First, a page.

Logo of nature.ca - Canadian Museum of Nature.
Logo of Natural History Notebooks.
 
Button: Home. Button: Resources. Button: Notebooks A-Z.
Button: Français.
Home > Reptiles > Massasauga Rattlesnake Next
Text: Reptiles.
   
Massasauga Rattlesnake
Photo: Massasauga Rattlesnake, Sistrurus catenatus.
Massasauga rattlesnake, Sistrurus catenatus
More Images »

Where are they found? North America

Map of the world.


The Massasauga rattlesnake is the smallest of the four kinds of rattlesnakes that have been recorded for Canada. It rarely exceeds 75 cm (29 in.) in length, although longer ones have been recorded.

A pair of long fangs at the front of the mouth are hollow and resemble short, curved hypodermic needles. Venom is injected into the snake's victims through these teeth. Because this poison may be toxic-enough to kill an adult human, antivenin is kept on hand at hospitals in its range. However, this shy snake generally retreats from a disturbance, and certainly does not seek confrontations with humans. It will often rattle and strike if threatened, but it will strike without warning only if surprised.

Females birth live young in late summer; usually there are 8 to 15 in a litter.

These snakes will inhabit low, swampy areas particularly in spring or autumn, but they often move to uplands in summer. They can locate prey by heat detection; they feed mainly on frogs and mice.

A subspecies of this snake occurs in Canada: the eastern Massasauga rattlesnake (Sistrurus catenatus catenatus). It occurs in Ontario from Windsor and the Niagara Peninsula north to Georgian Bay and east to the Muskoka Lakes. In the United States, it is found from central New York to Iowa and Missouri.


More Images
Photo: Eastern Massasauga Rattlesnake, Sistrurus catenatus catenatus. Photo: Eastern Massasauga Rattlesnake, Sistrurus catenatus catenatus. Photo: Eastern Massasauga Rattlesnake, Sistrurus catenatus catenatus. Photo: Eastern Massasauga Rattlesnake, Sistrurus catenatus catenatus. Photo: Eastern Massasauga Rattlesnake, Sistrurus catenatus catenatus. Photo: Eastern Massasauga Rattlesnake, Sistrurus catenatus catenatus.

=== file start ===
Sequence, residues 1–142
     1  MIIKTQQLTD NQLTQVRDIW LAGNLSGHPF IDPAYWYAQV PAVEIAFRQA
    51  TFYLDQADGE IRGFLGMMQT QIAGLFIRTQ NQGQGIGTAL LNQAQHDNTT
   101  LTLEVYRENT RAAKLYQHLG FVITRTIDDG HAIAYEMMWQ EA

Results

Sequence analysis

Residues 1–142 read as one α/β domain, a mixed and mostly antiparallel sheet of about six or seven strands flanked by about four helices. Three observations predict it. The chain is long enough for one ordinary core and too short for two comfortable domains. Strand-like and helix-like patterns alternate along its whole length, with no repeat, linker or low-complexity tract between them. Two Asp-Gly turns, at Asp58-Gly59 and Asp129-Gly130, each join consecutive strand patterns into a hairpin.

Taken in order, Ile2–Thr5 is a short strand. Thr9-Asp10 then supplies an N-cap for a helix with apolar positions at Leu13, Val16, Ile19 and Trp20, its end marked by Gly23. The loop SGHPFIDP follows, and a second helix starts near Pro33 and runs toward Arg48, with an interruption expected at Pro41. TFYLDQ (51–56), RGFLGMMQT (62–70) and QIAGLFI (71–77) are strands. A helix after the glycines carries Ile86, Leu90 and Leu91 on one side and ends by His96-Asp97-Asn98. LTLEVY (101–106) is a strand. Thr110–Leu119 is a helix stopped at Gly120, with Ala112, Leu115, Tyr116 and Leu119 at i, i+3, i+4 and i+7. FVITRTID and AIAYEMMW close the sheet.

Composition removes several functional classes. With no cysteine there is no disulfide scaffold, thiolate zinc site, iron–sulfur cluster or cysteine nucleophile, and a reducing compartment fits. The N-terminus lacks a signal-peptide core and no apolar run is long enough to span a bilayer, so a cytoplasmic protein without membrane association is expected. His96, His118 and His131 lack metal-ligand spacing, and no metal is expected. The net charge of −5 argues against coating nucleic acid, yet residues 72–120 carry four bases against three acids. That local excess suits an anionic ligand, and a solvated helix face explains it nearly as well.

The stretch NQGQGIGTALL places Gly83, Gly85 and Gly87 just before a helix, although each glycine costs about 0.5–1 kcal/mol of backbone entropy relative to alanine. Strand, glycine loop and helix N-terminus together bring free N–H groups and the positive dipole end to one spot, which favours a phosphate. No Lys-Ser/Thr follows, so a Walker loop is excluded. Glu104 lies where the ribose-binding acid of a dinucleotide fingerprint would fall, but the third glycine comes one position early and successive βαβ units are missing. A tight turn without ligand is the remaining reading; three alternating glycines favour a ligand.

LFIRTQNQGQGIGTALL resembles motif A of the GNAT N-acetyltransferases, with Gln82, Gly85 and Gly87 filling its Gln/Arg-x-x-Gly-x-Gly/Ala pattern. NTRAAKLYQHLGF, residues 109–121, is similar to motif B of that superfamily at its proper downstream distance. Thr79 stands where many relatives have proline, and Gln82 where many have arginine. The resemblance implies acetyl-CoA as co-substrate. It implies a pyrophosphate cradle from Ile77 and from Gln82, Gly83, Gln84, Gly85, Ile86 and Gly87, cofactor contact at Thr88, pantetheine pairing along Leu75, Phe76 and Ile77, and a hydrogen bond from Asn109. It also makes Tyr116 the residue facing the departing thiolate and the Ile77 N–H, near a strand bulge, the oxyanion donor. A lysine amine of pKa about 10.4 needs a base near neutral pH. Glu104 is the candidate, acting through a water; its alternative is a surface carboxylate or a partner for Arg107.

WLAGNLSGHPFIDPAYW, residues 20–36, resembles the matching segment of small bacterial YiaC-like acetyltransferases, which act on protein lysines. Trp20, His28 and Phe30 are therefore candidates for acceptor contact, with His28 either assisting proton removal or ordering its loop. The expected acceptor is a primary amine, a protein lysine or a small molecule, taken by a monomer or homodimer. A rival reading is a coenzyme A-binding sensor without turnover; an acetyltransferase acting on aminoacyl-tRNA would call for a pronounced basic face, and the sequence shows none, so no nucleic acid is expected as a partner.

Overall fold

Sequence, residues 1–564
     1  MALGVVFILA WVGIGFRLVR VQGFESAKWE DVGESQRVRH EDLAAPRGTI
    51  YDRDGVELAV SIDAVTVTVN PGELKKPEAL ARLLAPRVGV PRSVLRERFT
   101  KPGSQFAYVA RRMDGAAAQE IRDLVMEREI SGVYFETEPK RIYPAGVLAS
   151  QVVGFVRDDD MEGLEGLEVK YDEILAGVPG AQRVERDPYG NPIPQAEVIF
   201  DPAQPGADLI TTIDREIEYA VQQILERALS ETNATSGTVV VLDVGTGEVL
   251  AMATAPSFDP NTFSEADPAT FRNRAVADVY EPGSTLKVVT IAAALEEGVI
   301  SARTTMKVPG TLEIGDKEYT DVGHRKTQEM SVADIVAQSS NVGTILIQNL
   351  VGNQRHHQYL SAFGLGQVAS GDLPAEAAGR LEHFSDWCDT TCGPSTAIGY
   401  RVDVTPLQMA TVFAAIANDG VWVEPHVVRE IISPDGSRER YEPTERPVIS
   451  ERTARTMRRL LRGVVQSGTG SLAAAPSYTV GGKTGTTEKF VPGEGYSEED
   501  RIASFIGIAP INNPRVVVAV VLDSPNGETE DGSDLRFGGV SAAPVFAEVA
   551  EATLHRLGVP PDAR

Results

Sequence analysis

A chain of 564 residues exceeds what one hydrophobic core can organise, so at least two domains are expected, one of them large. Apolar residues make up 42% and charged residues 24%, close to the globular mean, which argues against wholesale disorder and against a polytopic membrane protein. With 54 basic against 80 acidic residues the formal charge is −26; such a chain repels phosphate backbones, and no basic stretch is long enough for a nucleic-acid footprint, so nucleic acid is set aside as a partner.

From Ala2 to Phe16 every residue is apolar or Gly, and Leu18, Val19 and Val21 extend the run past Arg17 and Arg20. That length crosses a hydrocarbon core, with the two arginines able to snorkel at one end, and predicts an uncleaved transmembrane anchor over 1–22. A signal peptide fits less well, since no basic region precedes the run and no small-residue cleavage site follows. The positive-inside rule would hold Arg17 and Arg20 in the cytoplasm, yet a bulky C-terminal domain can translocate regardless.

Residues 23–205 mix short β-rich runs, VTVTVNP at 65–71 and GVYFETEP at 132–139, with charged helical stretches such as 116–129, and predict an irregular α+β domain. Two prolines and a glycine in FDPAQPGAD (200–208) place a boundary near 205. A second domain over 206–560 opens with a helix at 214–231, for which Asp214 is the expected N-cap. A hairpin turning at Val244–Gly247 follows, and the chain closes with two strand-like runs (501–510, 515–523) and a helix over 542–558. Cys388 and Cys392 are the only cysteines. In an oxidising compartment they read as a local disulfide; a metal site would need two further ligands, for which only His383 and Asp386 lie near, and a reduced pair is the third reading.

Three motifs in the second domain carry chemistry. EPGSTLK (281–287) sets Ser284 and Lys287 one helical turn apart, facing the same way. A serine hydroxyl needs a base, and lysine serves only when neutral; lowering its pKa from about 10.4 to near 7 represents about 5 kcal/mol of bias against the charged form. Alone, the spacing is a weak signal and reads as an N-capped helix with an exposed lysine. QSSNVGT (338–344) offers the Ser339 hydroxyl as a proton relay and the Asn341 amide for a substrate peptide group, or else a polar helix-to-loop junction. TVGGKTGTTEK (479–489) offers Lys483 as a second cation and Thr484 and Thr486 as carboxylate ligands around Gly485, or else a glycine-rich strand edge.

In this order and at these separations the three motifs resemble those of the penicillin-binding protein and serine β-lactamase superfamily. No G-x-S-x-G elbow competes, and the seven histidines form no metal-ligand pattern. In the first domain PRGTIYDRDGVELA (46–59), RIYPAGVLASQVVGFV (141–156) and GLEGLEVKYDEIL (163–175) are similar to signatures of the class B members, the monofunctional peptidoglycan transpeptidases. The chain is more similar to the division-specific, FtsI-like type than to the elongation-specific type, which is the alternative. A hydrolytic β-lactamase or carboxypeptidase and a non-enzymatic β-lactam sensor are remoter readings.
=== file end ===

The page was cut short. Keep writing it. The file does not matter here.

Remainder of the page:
Looking for photos?

The Canadian Museum of Nature has thousands of unique images reflecting the diversity of the natural world—including the photos and illustrations here in our Natural History NotebooksContact us to learn more!


To cite this page for personal use:
“Massasauga Rattlesnake”. [Online]. Natural History Notebooks. Canadian Museum of Nature.
Last updated (Web site consulted

Previous
Button: Mammals. Photo: Lion (Panthera leo). Button: Birds. Photo: Golden Eagle (Aquila chrysaetos).
Button: Fish. Photo: Brown trout (Salmo trutta). Button: Reptiles. Photo: Komodo dragon (Varanus komodensis).
Button: Amphibians. Photo: Bullfrog (Lithobates catesbeiana). Button: Invertebrates. Photo: House fly (Musca domestica).
Button: Dinosaurs. Illustration: Tyrannosaurus rex. Archive slide: S71-116. Button: Prehistoric. Illustration: Muskox (Ovibos moschatus).
Button: Navigate the World. Illustration: Map of the world.
 
Text: This way to more photos of reptiles. Photo: Common garter snake (Thamnophis sirtalis).

Reproduction Rights    Credits    Explore Nature!    Comments or Questions?

Next Previous Next Previous